When access to water gets a new meaning
An innovative water project making water fetching safe again
Yambio, South Sudan
“Every week, someone is breaking their arms or legs climbing the steep valley in quest for water,” says Jonina Valentina. “I don’t know how many times I’ve fallen down the cliff while fetching water, luckily I haven’t broken anything,” she adds while displaying the scars she has sustained on her legs from numerous falls.
A few meters from Jonina’s house, the ground drops into a u-shaped depression with steep sides and three small streams would surface at the bottom and function as the main water source for the community. Half of the year, the path is not only steep but also slippery as the dirt turns into mud during the rainy season.
Yet, children and women make the dangerous climb several times a day to get water for drinking, cooking, bathing and cleaning. They have access to water, but with a high cost.
“You can imagine having a baby tied on your back and a jerrycan filled with water which is about 20 litres on your head, and then trying to walk up this steep hill. When it is muddy it is even harder,” Jonina says and adds “I know about women who went into labour by doing the climb.”
Viola Dominic decided to stop putting herself at risk and buy water instead. “I pay 25 South Sudanese Pounds (16 cent) for one jerrycan. I have three children which needs to be cleaned and cooked for, so you can imagine the cost.”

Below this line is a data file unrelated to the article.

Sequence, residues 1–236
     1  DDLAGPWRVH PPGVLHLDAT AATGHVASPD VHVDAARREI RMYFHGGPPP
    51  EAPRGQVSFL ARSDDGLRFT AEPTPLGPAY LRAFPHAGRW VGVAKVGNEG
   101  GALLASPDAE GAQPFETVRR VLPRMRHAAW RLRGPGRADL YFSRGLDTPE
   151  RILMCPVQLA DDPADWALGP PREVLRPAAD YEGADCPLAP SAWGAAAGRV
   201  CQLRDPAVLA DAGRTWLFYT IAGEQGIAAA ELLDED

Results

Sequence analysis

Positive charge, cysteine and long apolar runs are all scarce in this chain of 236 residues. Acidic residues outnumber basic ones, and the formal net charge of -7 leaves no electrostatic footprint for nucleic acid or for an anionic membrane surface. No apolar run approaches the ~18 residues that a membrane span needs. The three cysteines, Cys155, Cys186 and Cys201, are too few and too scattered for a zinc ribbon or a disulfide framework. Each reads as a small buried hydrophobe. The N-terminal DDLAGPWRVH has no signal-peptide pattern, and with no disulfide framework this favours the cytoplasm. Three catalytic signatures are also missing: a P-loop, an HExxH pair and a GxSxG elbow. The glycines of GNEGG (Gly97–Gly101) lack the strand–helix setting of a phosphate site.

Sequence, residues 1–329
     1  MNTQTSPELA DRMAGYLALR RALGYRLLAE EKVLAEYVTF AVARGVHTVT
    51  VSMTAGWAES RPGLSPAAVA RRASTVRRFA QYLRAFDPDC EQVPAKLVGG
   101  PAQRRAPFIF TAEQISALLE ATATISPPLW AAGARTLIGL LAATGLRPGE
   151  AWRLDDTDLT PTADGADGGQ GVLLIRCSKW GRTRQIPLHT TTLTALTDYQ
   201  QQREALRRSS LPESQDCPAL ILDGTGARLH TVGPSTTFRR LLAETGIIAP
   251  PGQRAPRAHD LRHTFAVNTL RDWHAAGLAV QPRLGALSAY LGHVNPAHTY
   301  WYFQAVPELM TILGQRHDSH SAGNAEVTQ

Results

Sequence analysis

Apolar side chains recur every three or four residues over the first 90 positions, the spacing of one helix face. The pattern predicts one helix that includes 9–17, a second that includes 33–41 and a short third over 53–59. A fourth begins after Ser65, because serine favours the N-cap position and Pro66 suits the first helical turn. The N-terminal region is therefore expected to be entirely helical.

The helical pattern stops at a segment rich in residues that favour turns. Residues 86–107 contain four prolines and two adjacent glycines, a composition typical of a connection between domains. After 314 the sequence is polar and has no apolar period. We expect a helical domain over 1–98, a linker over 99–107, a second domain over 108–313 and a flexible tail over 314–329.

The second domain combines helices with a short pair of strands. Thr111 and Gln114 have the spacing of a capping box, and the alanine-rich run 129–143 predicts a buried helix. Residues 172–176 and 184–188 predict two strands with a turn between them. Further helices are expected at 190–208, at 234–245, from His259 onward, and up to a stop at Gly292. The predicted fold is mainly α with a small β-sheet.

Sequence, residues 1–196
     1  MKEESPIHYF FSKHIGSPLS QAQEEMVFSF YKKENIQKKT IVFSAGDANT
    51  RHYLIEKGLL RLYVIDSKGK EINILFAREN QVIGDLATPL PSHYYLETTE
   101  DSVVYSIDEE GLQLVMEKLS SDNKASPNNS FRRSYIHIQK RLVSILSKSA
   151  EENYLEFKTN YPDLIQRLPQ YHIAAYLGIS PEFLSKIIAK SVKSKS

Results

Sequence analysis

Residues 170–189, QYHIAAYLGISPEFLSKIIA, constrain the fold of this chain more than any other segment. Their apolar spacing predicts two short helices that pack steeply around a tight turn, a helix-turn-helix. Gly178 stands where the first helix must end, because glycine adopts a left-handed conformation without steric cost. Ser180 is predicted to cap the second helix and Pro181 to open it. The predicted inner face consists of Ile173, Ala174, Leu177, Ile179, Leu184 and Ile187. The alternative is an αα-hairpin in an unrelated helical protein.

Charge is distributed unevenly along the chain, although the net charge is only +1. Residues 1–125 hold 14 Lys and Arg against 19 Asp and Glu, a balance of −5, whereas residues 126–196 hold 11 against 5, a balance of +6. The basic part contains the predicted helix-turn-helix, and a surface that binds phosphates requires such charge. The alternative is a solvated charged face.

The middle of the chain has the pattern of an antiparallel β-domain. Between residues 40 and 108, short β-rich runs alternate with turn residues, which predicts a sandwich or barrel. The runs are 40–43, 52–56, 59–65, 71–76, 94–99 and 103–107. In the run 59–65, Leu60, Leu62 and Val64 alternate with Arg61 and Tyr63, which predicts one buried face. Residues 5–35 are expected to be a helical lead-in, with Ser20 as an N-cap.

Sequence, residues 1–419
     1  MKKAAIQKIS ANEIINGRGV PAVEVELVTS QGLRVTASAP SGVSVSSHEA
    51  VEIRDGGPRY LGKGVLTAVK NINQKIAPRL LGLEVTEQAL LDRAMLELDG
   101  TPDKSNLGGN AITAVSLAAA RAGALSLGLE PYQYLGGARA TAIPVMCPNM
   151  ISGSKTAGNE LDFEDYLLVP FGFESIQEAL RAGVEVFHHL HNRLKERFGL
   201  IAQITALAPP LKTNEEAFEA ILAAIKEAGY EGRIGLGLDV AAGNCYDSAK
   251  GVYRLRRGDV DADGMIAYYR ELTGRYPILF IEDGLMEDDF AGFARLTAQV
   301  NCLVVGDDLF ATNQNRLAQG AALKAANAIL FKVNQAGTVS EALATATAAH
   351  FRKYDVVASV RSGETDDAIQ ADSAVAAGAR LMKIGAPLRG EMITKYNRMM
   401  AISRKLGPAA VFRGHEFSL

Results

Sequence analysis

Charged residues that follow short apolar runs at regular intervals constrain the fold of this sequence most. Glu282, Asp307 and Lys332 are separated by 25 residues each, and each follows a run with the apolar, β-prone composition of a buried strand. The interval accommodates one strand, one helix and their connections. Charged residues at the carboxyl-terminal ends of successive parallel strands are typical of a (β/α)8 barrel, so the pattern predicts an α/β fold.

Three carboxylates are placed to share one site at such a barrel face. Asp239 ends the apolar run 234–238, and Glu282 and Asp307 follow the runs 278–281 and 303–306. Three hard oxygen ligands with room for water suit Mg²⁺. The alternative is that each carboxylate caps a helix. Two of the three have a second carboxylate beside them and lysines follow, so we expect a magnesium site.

“Every week, someone is breaking their arms or legs climbing the steep valley in quest for water,”
With the support of Infineon and the Germany National Committee for UNICEF, UNICEF South Sudan and World Vision International embarked on an innovation project, aimed at giving the families dignified access to safe water by developing a community Spring project
Safe water from the spring eyes are run through a filtration chamber and then into a collection chamber and further into underground reservoirs where two solar powered submersible pumps are pumping water up to a community water point with four taps, where Jonina and Viola can fetch water in a safe way. The overflow in the reservoir is sent back into the stream’s natural course, in order to sustain access to water for people living down the stream.
Throughout the project, communities were engaged and consulted. To ensure the project’s sustainability, a water management committee with 18 members (10 men and 8 women) was formed and trained on the water resources management, financial management, water tariff setting, Operation and Maintenance.
Cooking and cleaning will be easy
“Before, I would cook meals that didn’t require any water, or I would not cook at all because I couldn’t make another climb that day. Now I can get water whenever I need to cook or clean. I have two boys, so you can imagine I have my hands full keeping them and their clothes clean. This will now be so easy,” Jonina says.
Her neighbour, Viola, says she will save a lot of money going forward
“All the money I have spent on water I can now spend on food, soap and school fees.”
In South Sudan, only 40 per cent of the population have access to clean drinking water. This community in Yambio was among the 40 per cent, but the access was not safe. While ensuring more people in the country have access to safe water is urgently needed, ensuring safe and dignified access is also a priority.
“With the extra money, you cannot allow indulging yourself in any way?”
“No, the little I have I spend on the children. They are the best investment you can make,” Viola finishes.